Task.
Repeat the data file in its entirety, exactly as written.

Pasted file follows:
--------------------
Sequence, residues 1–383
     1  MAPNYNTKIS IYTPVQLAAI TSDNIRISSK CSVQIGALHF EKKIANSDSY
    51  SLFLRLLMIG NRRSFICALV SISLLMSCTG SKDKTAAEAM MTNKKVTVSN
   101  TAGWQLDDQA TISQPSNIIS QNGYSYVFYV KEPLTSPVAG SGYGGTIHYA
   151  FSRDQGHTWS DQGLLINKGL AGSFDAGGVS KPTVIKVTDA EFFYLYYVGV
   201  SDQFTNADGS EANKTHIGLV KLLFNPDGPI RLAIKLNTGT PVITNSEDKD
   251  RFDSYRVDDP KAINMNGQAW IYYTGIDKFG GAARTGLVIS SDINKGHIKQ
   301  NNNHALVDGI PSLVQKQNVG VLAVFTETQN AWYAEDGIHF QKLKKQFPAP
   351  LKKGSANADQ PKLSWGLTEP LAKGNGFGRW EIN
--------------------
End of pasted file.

Sequence, residues 1–383
     1  MAPNYNTKIS IYTPVQLAAI TSDNIRISSK CSVQIGALHF EKKIANSDSY
    51  SLFLRLLMIG NRRSFICALV SISLLMSCTG SKDKTAAEAM MTNKKVTVSN
   101  TAGWQLDDQA TISQPSNIIS QNGYSYVFYV KEPLTSPVAG SGYGGTIHYA
   151  FSRDQGHTWS DQGLLINKGL AGSFDAGGVS KPTVIKVTDA EFFYLYYVGV
   201  SDQFTNADGS EANKTHIGLV KLLFNPDGPI RLAIKLNTGT PVITNSEDKD
   251  RFDSYRVDDP KAINMNGQAW IYYTGIDKFG GAARTGLVIS SDINKGHIKQ
   301  NNNHALVDGI PSLVQKQNVG VLAVFTETQN AWYAEDGIHF QKLKKQFPAP
   351  LKKGSANADQ PKLSWGLTEP LAKGNGFGRW EIN